When the world birthed its 193rd nation last year, brothers and sisters of the newborn state were unabashedly optimistic that a patch of land that has known armed conflicts at every turn in its history could finally see some daylight of sustained peace and progress. Decades of death, displacement, famine, etc had led some to believe this was a land to which God has renounced all rights. The occasion of a peaceful split of this land into two, Sudan and South Sudan, on July 9, 2011 yet gave hope that measured stability was on its way.
This week, South Sudan celebrates that independence from Sudan. As residents of Juba, South Sudan’s capital city and largest metropolis will tell you, life’s been no El Dorado; nonetheless, it’s been a country of their own.
In the one year of independence, several elements have threatened and still continue to trouble this budding democracy. The biggest of which was an incident of almost all-out war between South Sudan and its neighbor, Sudan, over the disputed oil-rich region of Heglig; which was captured by South Sudanese forces. Thankfully, international efforts at mediation were able to coax both parties from the precipice of deplorable bloodshed.
But no nation is ever conquered from without until it has first destroyed itself from within. This age-old adage might prove South Sudan’s greatest ominous presage. Currently, the fledging nation is at war with armed groups in 9 of its 10 states: a recipe for destabilization and anarchy if the government in Juba cannot find speedy resolutions to these conflicts. A situation that can rapidly deteriorate into a “Somalia,” where armed militiamen roam the country at will and confine the central government to Mogadishu and its environs.
South Sudan post-independence is poorly developed due to years of neglect brought on by war and strife with the north. A distressing offshoot of this is the alarming reality that South Sudan has the highest maternal mortality and female illiteracy rates anywhere on earth.
Still, I am very hopeful and jubilant for South Sudan.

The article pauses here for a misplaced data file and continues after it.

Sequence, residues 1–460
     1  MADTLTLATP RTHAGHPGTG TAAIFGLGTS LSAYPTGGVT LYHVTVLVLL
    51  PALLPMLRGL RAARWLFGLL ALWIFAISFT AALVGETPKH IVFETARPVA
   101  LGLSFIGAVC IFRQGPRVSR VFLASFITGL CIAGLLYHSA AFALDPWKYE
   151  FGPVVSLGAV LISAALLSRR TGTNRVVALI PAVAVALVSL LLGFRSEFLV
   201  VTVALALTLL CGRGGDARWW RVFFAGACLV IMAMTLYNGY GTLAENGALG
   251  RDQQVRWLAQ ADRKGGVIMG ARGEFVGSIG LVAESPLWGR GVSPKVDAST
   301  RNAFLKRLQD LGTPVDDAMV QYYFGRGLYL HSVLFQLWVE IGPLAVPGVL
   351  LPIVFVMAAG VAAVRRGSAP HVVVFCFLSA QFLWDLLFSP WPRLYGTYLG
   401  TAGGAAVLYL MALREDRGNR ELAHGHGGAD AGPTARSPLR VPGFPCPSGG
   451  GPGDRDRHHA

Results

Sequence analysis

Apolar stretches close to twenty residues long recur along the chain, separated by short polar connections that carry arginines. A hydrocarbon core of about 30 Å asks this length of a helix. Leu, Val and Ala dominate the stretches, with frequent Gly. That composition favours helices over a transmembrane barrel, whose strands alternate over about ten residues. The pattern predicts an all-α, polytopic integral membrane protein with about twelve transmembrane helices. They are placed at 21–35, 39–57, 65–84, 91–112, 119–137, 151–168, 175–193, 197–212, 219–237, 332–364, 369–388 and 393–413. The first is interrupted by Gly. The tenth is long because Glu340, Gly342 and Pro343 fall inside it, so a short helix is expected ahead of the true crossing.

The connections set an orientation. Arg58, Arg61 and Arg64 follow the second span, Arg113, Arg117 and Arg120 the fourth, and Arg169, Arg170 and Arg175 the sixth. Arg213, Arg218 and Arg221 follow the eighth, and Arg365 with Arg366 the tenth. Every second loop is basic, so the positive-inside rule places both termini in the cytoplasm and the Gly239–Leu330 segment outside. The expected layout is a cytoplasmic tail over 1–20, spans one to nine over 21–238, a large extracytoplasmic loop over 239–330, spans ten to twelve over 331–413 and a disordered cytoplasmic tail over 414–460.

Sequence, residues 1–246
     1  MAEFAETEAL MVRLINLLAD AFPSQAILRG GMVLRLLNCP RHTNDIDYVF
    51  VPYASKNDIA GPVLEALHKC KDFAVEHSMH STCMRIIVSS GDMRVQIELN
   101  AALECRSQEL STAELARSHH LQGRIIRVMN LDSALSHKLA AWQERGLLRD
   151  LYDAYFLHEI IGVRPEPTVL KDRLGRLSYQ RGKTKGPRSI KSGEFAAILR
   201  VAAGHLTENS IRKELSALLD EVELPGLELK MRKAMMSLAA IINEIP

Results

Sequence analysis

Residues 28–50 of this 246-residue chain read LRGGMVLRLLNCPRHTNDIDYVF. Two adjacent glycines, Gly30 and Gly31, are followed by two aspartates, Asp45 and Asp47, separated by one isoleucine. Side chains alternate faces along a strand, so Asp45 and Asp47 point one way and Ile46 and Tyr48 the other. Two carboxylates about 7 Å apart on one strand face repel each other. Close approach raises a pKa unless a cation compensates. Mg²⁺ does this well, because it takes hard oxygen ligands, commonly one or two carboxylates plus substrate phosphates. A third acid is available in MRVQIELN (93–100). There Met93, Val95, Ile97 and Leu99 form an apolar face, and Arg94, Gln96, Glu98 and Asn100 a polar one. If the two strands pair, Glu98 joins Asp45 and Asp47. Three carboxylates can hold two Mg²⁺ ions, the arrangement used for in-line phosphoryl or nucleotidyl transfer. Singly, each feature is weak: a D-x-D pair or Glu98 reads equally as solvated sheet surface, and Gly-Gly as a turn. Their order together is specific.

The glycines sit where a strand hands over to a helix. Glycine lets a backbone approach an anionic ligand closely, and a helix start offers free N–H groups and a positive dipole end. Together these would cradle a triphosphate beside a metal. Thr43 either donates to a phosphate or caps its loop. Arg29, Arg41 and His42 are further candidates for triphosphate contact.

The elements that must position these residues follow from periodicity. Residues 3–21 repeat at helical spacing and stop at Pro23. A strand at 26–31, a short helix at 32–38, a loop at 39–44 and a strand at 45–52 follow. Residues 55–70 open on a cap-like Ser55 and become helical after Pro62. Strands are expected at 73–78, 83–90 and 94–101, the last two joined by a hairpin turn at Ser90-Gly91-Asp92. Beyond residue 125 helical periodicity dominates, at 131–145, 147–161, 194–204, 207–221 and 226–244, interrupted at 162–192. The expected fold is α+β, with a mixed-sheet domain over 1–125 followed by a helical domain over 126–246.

The biggest step has been her successful fight for self-determination and governance – no small feat by any standards. It should be noted that the president of the Sudan, Omar al Bashir, from whom South Sudan broke free, is wanted by the International Criminal Court for war crimes and crimes against humanity.
For so long, African states have lamented the legacy left them at independence by European colonial masters. South Sudan presents an opportunity to begin to construct an African state of their dreams. There’s no denying that for this nascent state to begin to walk, and then run with the herd, she will need assistance from her brothers and sisters on the continent. It is an opportunity to right the wrongs they experienced at the various points of their independence by guiding and providing Juba with the wherewithal for buoyancy.
Growing pains can be frustrating and demoralizing. But as Thomas Paine noted: “Those who expect to reap the blessings of freedom, must, like men, undergo the fatigues of supporting it.” Which is why I was happy to hear President Salva Kiir Mayardit declare on the anniversary of his nation’s independence – “We are not a people who fear the night,” he said. “Because we know that no matter the night becomes long, still, morning will come. There is no reason for worry or for a hurry.”